We already highlighted the integration challenge above, now consider that in the context of having to upgrade a legacy, on premise IGA solution. Consider the challenge of managing an entitlements library. This library should include a glossary for users, so they can understand what they are requesting within the application. Additionally, those reviewing and auditing access should understand what a particular entitlement allows a user to do within an application. Roles within the organization also increase in complexity as the solution is scaled across the environment. Converting business processes into automated workflows also is a challenge as the solution grows.

The good news is that solutions can address these complexities. The bad news is that to solve these challenges, organizations must invest a lot of time in understanding the processes, applications, and access required for team members to do their jobs. This understanding comes from diverse teams within an organization collaborating together to come up with answers that are specific to their business. No product vendor can help them with this, but they should have a capable integration partner helping them drive these discussions.

The key suggestion to overcome complexity as IGA solutions scale is to have buy-in from the highest levels of the organization to support the necessary collaboration. Identity Programs need formal oversite committees to constantly review aspects of the program (e.g. role definitions, process improvements, and entitlement definitions). If a program doesn’t have executive sponsorship, then it should keep things simple by targeting only the highest value target systems like IDPs such as Active Directory.

3. User Adoption

Encouraging users to adopt new IGA processes and technologies can be difficult. Organizations must provide adequate training and support to help users understand the benefits of the new system and how to use it effectively. User adoption is perhaps the most underrated challenge in the IGA space. How helpful is an IGA solution really, if users aren’t requesting access through it, reviewers don’t know what they are approving, and auditors don’t trust the data?

The answer to this problem is partly answered above. It is critical to make sure that processes are optimized before they are automated, that access information is made available to users in language they understand, and that the whole access request and review process makes life better for them, not worse.

Once an organization does the heavy lifting to make the IGA request and review process better, it must then plan for – and account for – end user training. This training must be specific to their implementation and should serve as a feedback loop to the identity team tasked with managing the solution as well as to the committees overseeing it.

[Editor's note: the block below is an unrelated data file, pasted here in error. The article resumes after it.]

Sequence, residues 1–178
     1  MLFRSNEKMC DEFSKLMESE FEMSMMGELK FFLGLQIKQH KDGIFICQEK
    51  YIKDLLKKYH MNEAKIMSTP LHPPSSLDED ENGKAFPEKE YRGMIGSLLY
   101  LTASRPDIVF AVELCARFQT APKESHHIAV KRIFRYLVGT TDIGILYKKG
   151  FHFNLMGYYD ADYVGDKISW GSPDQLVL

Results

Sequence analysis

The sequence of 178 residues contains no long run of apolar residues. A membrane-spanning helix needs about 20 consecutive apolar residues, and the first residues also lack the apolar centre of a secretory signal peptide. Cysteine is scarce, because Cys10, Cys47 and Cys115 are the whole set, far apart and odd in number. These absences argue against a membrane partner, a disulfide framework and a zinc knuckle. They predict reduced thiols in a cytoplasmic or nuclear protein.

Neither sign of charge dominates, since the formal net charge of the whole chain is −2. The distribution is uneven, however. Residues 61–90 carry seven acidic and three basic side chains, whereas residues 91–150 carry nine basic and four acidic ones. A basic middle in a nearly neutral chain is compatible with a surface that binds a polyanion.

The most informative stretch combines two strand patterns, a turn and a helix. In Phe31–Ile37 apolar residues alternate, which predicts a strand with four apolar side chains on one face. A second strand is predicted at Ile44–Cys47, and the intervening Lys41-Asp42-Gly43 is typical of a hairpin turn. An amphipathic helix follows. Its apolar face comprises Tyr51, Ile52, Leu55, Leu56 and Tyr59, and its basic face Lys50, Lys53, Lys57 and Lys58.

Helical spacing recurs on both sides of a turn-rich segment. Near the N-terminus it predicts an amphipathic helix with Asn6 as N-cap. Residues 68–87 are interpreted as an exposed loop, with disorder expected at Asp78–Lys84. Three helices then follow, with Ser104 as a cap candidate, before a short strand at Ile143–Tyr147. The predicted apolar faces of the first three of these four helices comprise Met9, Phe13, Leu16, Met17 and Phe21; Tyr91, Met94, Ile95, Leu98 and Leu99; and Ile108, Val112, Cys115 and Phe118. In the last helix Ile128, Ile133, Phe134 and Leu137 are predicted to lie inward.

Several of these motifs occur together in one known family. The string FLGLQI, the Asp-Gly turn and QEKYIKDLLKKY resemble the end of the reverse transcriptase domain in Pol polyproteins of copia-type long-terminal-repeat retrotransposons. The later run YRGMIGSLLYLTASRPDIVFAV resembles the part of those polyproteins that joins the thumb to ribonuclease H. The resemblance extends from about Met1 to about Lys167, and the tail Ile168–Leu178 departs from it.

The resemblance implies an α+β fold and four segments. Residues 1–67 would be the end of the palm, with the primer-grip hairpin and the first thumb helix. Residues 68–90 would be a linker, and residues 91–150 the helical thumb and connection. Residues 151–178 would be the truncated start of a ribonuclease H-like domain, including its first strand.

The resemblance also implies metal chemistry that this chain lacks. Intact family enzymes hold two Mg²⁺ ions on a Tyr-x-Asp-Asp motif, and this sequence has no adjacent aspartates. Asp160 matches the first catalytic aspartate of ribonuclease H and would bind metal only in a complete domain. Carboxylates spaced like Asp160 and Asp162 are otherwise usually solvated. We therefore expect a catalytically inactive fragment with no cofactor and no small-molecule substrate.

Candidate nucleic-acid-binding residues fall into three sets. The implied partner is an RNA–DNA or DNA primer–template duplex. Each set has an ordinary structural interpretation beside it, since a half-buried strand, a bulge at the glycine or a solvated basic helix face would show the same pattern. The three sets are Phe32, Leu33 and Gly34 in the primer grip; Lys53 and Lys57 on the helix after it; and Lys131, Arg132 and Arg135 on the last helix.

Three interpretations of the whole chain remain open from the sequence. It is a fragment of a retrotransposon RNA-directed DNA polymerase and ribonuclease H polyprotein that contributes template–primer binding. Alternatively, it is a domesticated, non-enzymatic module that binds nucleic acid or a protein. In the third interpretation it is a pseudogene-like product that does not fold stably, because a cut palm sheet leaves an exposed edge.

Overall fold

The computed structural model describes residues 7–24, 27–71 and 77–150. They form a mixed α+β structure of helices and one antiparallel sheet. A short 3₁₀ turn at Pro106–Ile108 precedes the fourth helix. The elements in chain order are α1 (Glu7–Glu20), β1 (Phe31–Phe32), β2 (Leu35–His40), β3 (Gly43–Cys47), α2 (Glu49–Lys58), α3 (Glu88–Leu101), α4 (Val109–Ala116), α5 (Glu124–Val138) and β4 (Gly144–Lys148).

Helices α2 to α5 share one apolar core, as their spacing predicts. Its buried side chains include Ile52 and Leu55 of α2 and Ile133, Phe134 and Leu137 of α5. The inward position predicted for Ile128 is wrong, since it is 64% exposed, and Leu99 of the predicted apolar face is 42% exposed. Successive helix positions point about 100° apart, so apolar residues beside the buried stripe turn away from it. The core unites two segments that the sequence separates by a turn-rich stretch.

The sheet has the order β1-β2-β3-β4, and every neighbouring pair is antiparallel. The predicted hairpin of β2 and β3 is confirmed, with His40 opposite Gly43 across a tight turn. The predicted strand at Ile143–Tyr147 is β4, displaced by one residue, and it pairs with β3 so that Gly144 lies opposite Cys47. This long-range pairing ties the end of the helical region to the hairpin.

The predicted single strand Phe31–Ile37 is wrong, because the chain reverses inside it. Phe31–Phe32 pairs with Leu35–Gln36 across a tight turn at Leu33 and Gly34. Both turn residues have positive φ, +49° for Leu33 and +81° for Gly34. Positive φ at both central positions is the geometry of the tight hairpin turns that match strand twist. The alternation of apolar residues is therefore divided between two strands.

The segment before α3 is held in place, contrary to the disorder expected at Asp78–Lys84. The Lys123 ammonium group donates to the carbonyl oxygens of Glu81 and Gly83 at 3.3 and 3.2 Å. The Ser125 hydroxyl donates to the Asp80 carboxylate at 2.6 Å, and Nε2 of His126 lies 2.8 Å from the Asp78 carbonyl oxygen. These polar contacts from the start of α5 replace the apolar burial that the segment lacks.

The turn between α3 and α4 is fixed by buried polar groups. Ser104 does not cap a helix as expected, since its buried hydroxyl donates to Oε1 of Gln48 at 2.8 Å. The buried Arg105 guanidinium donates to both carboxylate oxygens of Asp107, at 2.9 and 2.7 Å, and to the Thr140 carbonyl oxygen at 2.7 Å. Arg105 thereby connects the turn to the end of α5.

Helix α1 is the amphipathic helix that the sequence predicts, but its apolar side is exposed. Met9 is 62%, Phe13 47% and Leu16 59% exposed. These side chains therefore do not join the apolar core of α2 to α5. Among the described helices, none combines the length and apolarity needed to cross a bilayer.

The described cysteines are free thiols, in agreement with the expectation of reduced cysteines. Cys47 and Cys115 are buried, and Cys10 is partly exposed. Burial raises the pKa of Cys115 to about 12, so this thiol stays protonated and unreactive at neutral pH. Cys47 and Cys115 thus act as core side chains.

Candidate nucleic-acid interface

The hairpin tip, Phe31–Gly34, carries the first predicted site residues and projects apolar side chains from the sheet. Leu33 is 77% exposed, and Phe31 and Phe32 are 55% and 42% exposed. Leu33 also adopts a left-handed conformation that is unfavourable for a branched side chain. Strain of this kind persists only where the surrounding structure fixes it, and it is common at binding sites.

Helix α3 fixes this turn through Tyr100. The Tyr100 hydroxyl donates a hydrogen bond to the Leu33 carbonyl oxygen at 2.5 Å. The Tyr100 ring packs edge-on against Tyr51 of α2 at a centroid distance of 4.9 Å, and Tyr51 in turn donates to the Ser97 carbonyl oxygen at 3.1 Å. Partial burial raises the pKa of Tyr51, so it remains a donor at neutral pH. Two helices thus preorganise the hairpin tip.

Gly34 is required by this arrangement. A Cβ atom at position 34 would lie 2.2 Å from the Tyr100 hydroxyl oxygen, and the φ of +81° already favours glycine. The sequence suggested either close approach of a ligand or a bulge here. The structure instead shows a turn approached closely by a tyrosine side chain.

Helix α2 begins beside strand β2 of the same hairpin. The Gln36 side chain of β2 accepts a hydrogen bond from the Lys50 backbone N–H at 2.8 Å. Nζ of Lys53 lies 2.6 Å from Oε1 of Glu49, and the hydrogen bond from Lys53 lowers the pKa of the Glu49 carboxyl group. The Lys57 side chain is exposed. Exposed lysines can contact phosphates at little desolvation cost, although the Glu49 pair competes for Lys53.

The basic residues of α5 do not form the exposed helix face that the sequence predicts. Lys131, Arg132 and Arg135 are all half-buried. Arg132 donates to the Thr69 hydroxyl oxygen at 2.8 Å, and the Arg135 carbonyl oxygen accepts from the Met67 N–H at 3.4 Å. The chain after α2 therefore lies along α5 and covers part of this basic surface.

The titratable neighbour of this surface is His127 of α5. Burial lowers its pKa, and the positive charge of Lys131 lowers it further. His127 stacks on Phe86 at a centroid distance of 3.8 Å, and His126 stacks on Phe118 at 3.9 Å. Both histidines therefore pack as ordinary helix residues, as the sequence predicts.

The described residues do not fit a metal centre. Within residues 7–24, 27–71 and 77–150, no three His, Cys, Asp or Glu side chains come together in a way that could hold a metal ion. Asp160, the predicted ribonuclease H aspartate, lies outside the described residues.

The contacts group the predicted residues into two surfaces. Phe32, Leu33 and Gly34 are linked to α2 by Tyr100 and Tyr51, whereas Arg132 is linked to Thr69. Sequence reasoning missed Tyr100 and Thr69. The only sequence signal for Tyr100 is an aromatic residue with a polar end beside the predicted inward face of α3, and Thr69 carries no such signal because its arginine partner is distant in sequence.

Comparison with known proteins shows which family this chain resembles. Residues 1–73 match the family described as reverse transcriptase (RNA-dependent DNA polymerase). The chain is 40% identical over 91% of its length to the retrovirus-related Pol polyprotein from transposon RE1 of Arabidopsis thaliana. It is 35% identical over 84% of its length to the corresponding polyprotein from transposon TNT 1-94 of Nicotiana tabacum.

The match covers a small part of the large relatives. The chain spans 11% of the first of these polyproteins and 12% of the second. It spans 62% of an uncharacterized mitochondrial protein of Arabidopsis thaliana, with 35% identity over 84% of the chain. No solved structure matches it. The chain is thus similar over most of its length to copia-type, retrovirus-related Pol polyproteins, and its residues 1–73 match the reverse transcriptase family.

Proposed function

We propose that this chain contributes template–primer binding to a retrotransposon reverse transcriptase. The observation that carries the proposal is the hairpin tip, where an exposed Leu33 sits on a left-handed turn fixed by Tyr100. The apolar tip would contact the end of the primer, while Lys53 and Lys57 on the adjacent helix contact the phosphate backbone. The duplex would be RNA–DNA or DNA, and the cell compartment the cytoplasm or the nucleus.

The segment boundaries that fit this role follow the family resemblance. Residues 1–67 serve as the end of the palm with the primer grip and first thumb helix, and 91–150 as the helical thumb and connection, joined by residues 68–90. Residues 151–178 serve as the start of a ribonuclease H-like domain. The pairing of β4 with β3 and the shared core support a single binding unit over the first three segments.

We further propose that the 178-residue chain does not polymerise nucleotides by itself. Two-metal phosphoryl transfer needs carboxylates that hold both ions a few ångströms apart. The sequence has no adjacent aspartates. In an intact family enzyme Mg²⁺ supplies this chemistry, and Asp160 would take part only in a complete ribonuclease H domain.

4. Compliance with Regulatory Requirements

Helping organizations comply with industry-specific regulations and standards, such as GDPR, HIPAA, and PCI DSS is one of the most important value propositions for deploying an IGA solution; however, this is not something that is achieved easily.

Buzzwords don’t deliver compliance, and although a solution might have a compliance related feature, a high level of effort needs to be invested in order to leverage an IGA solution before it furthers compliance objectives. For instance, many buyers insist that IGA solutions have Segregation of Duty (SoD) capabilities. Most vendors can say, “Why, yes of course we do.” But what good is SoD functionality if one does not understand the application(s) and the deep functionality of how the application grants privileges?

This is another area where application prioritization is important. Compliance is a technological challenge, but it is an even bigger process challenge. There are point solutions out there that address compliance. If compliance is the main objective, the recommendation is to take an application-by-application approach when selecting an IGA solution, as well as potentially considering integration with application specific tools.

5. Data Security and Privacy

Protecting sensitive user data is a top priority for organizations implementing IGA solutions. Ensuring robust encryption, secure authentication methods, and strict access controls are essential to maintaining data security and privacy.

Cloud-based IGA solutions go a long way towards addressing this challenge. Vendors have invested millions of dollars and have staked their reputation on protecting customer data. Vendors are not infallible, but how do their efforts compare to ours in our environment?

Leaning on the vendors for encryption and for critical access controls is a mistake. An organization must have internal policies to address security challenges, and IGA solutions need to be prioritized by the cybersecurity team to ensure its integrity, just as they ensure the integrity of all systems that store highly sensitive data.

If you want to learn more about how CyberSolve can help your organization select, deploy, and manage your IGA solutions to help you mitigate your organization’s risk, see our Identity Governance & Administration services and Cloud IAM & IDaaS pages.